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Q: Oriental verbiage offensive / not politically correct ( Answered 5 out of 5 stars,   5 Comments )
Subject: Oriental verbiage offensive / not politically correct
Category: Relationships and Society
Asked by: dusty95-ga
List Price: $14.00
Posted: 20 Jul 2005 07:30 PDT
Expires: 19 Aug 2005 07:30 PDT
Question ID: 545754
Is the word Oriental offensive and not politically correct? For
instance, on menus I can order an Oriental chicken salad. Should the
menu instead have an Asian chicken salad in order to be politically
correct? I would like references from valid sources and a good summary
of why this is or is not politically correct and/or an offensive term.
Subject: Re: Oriental verbiage offensive / not politically correct
Answered By: knowledge_seeker-ga on 20 Jul 2005 09:52 PDT
Rated:5 out of 5 stars
Hi dusty95-ga, 

The political correctness of the term ?Oriental? depends on where you
are from and to whom you are speaking. Here in North America it is
considered to be offensive. In Europe and in parts of Asia it is
acceptable and in common usage.

One reason for its perceived offensiveness has to do with the meaning
of the root word, Orient. This term is derived from the Latin word
oriens, referring to where the sun rises in the east. Since oriental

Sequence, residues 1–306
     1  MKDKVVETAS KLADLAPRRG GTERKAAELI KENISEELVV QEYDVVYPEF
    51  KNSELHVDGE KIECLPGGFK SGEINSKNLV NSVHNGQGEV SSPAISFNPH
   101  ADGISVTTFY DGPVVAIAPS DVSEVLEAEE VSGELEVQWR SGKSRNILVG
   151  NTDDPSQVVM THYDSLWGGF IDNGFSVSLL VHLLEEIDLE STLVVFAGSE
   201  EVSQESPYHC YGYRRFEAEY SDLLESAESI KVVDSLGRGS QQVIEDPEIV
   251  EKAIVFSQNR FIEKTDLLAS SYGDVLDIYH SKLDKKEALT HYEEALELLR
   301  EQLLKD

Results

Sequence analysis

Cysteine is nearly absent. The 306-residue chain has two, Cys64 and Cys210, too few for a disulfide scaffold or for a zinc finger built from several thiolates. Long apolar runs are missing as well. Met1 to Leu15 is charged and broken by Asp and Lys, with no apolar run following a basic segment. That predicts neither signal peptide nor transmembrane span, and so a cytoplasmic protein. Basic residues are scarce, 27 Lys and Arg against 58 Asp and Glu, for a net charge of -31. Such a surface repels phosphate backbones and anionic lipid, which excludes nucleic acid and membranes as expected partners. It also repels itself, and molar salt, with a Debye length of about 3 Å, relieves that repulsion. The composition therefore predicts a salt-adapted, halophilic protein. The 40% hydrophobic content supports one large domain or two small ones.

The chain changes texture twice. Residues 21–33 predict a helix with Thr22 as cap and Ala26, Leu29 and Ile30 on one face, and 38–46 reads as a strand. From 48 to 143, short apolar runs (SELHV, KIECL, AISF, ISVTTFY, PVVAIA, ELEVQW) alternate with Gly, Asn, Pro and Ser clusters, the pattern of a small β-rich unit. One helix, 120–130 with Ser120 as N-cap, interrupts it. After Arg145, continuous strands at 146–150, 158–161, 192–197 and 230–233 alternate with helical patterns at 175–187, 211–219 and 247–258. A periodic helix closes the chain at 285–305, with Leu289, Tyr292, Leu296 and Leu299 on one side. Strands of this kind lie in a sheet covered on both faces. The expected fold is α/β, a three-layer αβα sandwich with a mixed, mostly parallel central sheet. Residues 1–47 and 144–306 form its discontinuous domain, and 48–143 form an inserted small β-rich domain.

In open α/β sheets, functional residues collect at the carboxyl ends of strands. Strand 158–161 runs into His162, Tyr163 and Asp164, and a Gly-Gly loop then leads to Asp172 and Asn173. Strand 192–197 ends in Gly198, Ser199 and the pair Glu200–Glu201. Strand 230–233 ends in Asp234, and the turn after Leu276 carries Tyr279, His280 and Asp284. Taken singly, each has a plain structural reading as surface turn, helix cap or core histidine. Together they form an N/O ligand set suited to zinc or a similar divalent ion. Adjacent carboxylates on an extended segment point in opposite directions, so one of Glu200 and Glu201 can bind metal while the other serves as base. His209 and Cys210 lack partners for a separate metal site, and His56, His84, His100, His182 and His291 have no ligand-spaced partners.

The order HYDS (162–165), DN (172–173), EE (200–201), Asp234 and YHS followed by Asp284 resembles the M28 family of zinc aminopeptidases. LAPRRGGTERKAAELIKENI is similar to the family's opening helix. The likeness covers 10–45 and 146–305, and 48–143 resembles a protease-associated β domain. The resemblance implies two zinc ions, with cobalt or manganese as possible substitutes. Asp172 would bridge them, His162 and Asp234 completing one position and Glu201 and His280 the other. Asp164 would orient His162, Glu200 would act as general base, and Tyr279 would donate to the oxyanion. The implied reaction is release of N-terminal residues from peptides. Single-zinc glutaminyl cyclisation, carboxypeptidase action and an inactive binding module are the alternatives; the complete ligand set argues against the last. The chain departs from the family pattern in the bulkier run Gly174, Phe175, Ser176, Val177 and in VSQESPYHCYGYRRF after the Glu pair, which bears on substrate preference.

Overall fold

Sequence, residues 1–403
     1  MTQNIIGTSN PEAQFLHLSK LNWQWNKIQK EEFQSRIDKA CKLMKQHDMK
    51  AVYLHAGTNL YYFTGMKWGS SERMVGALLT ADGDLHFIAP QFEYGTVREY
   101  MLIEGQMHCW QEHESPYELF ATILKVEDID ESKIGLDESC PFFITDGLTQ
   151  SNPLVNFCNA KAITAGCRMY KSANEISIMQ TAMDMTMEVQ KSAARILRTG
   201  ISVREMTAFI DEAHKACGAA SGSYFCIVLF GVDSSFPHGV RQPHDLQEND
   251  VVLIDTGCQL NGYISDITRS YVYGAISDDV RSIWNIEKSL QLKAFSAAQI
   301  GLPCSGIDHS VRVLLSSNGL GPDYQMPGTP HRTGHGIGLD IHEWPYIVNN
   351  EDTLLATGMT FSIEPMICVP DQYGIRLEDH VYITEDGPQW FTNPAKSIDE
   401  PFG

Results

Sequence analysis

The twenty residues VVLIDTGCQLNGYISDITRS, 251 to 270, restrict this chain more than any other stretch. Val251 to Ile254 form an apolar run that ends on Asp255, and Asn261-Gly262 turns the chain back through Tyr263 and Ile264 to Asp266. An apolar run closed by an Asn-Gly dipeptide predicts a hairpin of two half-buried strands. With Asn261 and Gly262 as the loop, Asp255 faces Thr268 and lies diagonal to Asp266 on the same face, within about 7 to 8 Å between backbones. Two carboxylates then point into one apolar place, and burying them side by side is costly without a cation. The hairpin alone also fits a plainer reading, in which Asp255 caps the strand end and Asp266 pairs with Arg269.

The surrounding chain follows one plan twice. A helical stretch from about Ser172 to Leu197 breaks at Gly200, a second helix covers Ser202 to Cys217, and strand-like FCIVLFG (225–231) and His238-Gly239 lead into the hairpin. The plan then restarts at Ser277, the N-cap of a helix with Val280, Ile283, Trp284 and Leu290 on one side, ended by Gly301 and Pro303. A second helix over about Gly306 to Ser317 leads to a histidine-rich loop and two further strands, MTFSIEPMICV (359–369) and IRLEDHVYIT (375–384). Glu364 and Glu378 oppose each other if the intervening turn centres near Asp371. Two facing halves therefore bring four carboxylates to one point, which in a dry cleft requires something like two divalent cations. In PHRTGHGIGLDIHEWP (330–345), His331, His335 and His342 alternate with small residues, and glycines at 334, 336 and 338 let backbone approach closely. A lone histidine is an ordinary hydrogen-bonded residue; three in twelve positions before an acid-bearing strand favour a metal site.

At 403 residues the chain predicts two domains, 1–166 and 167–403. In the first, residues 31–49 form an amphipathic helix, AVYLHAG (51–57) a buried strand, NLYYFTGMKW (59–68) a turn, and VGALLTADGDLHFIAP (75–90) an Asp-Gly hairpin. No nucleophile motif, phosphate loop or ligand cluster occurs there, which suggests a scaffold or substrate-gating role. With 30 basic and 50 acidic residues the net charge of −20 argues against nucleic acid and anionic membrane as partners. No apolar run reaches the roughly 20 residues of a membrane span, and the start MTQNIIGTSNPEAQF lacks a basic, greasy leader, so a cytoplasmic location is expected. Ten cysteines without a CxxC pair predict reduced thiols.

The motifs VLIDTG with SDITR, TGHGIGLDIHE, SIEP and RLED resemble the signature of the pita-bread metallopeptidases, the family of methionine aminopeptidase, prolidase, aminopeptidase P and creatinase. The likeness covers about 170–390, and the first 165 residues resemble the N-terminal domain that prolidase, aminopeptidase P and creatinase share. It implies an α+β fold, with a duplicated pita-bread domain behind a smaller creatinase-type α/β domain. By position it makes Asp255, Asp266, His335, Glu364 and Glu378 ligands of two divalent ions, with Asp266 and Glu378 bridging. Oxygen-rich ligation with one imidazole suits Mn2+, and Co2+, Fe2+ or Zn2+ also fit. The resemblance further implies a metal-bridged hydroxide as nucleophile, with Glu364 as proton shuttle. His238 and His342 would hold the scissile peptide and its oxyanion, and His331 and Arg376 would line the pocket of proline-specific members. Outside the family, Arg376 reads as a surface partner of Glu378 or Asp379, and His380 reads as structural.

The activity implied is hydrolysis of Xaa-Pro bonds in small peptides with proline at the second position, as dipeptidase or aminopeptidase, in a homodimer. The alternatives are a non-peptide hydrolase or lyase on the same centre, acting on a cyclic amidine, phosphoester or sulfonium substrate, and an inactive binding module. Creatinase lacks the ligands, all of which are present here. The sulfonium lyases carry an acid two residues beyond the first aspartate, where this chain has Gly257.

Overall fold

is used to describe places (and people) that are to the East only in
relation to Europe, the term is considered by some to be Eurocentric.

But more likely, the real issue is its connotations stemming from the
times when Europeans viewed the Orient as ?exotic lands full of
romance and intrigue, the home of despotic empires and inscrutable
customs. At the least these associations can give Oriental a dated
feel, and as a noun in contemporary contexts ? it is now widely taken
to be offensive.?

See the usage note here:


According to Wikipedia: 

?In the United States, Ireland and Australasia (Australia and East
Asia), since approximately 1990 "Asian" has been considered a more
politically correct term for "Oriental", which previously referred to
people from China, Japan, and Korea and other East Asian countries.
This is partially due to the fact that the term "Orientalism" in
academia has become associated with the European colonial attitude
toward the Ottoman East.?


?Some people think of the term oriental as offensive or politically
incorrect, largely because of its perceived connection by some people
with nineteenth century European and American attitudes about the
region. In this world view, the East was seen as backwards, exotic,
and patriarchal, while the West was seen as logical, rational, and
more modern?.

??. Major objection to the use of oriental is chiefly limited to North
America. Its use is much less controversial in Europe, as well as in
Asia where, especially in south-east Asian countries, the word is in
comparatively widespread usage.?


For an interesting (and oft referenced) take on the subject, see this
Usenet posting (circa 1993) by Alan Hu:

On ?Asian? and ?Oriental? , Alan Hu

And this article on the same website: 

Libraries Continue to Index Asian Americans Under ''Orientals'

As for the use of the term Oriental as it applies to food or rugs or
other inanimate objects, even the most sensitive people consider that
to be acceptable:

??make sure you don't use the word "Oriental" in reference to the
imperialists... at least not in Washington state. The Seattle Times
reports that the State of Washington passed a bill prohibiting
legislators from using the term "Oriental" to describe Asians in any